DHS-Funded Professor Defends ‘Stochastic Terrorist’ Label for Tucker Carlson

By Ken Silva
Ken Silva
Ken Silva
Ken Silva is a former reporter for The Epoch Times.
June 15, 2022 Updated: June 15, 2022

At a June 14 congressional oversight hearing on the Department of Homeland Security’s terrorism-prevention grant program, American University assistant public communications professor Kurt Braddock defended his previous statements accusing Fox News host Tucker Carlson of “stochastic terrorism.”

Braddock, who said he has received more than $550,000 in grants from the DHS for a number of his research projects, also applied the stochastic terrorist label to Donald Trump and Rep. Maxine Waters (D-Calif.), adding that Rep. Chuck Schumer (D-N.Y.) could be one, too.

The communications professor was responding to questions from Rep. Dan Bishop (R-N.C.), who asked about Braddock’s May 16 Tweets blaming Carlson for the Buffalo mass shooting two days before. Though Braddock didn’t specify what Carlson said to allegedly provoke the shooter, his Tweets accuse Carlson of stochastic terrorism, defining the term as “a form of incitement, where the speaker uses coded language, dog whistles, and other subtext to justify, promote, or advocate the use of violence without providing overt directives to do so.”

“Whether the shooter was directly motivated by Carlson is salient, but just as important is how he has normalized ideas that advocate violence like what we saw in Buffalo,” Braddock said in one of his Tweets, before concluding his thoughts with calling for a debate about “whether and how stochastic terrorism is allowed to occur.”

Braddock told Bishop he also considers Trump to be a stochastic terrorist in relation to Jan. 6, 2021, blaming the violence that occurred that day to the former president telling protesters to “walk down Pennsylvania Avenue.”

Bishop then asked Braddock whether Waters’ comments from 2018 about harassing Trump administration members qualifies as stochastic terrorism. Braddock said it did.

The professor added that Schumer came close to committing stochastic terrorism in his March 2020 statement that Supreme Court justices Brett Kavanaugh and Neil Gorsuch would “pay the price” if they overturn Roe v. Wade.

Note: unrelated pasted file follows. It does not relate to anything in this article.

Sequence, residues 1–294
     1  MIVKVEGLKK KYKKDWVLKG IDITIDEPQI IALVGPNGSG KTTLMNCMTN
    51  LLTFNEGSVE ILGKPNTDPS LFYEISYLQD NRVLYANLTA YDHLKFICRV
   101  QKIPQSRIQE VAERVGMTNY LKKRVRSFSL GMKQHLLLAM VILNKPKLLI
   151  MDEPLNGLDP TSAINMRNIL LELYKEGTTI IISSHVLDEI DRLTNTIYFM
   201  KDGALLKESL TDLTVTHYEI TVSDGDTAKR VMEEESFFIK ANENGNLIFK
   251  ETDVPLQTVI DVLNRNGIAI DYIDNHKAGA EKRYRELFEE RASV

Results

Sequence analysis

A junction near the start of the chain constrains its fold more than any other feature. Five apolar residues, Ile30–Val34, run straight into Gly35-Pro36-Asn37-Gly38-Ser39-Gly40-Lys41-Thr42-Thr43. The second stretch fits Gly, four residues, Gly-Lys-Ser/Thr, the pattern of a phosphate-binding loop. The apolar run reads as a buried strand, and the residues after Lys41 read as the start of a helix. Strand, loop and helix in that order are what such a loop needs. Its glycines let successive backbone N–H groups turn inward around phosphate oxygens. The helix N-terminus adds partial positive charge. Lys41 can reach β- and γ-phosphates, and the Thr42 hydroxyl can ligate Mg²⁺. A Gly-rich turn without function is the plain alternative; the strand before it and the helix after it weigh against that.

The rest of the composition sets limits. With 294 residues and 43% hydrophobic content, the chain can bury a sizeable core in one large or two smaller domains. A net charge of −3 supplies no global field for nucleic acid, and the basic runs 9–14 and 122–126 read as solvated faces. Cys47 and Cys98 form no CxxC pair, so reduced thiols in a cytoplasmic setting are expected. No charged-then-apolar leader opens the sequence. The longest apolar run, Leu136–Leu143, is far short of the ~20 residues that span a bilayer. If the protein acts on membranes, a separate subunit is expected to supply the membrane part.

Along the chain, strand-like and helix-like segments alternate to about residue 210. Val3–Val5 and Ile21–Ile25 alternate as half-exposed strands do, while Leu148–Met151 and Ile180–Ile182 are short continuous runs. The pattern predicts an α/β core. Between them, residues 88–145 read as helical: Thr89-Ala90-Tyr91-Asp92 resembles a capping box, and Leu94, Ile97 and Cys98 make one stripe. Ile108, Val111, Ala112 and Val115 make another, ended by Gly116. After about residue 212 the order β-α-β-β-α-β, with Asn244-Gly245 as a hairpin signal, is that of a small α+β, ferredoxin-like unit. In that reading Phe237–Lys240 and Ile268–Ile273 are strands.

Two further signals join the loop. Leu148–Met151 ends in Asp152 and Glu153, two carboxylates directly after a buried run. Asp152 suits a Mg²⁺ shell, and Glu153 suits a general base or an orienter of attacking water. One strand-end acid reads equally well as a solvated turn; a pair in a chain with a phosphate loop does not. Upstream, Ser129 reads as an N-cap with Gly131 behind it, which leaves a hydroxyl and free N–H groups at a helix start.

“I would say that one walks the line,” Braddock said.

However, Braddock stopped short of calling President Joe Biden a stochastic terrorist for saying a “mini revolution” would occur if SCOTUS overturns Roe v. Wade. Nor did the Washington Post commit stochastic terrorism for allegedly publishing personal details about the owner of the  the Libs of TikTok account on social media, according to Braddock.

“Was [Brooklyn subway shooter] Frank James inspired by stochastic terrorism of, say, Black Lives Matter or critical race theory?” Bishop asked further.

Braddock said he wasn’t familiar with the Brooklyn subway incident.

“You’re not aware of the Brooklyn subway attack that just happened a few months ago?” Bishop asked in disbelief.

“No, I’m not familiar with it,” the professor said.

Braddock told Bishop stochastic terrorism occurs when the speaker makes an “implied directive,” such as when Trump told his supporters to walk down Pennsylvania Avenue.

In making this statement, Braddock changed his tune from the May 16 Tweets, which did not mention anything about an “implied” directive. Rather, his Tweets said that stochastic terrorism could occur without an “overt” directive—suggesting that stochastic terrorism could occur without any directive at all.

Braddock also failed to mention what “implied directive” Carlson made that led to the Buffalo shooting. He told Bishop he did not study Carlson as part of his work for the DHS, and that he only follows the Fox News host “for my own edification.”

At the hearing, the professor further backtracked from his Twitter statements calling for a debate on whether stochastic terrorism should be allowed to occur. Braddock insisted to Bishop that “it’s not a legal restriction I’m arguing for.”

“I’m arguing for building up resilience against that particular form of communication, because it is a strategic form of communication,” Braddock told Bishop. “Though it’s not illegal, that doesn’t mean we can’t do counter-persuasion against it.”

Braddock added that the DHS did not fund his research into stochastic terrorism. The $550,000 in grants has been for counterterrorism training workshops and other projects, such as “developing inoculation messages” against disinformation, he said.

The professor said he’s “building an experiment” to test how effective his “inoculation message” is. Braddock said he would send Bishop literature about stochastic terrorism and his research after the hearing.

Ken Silva
Ken Silva is a former reporter for The Epoch Times.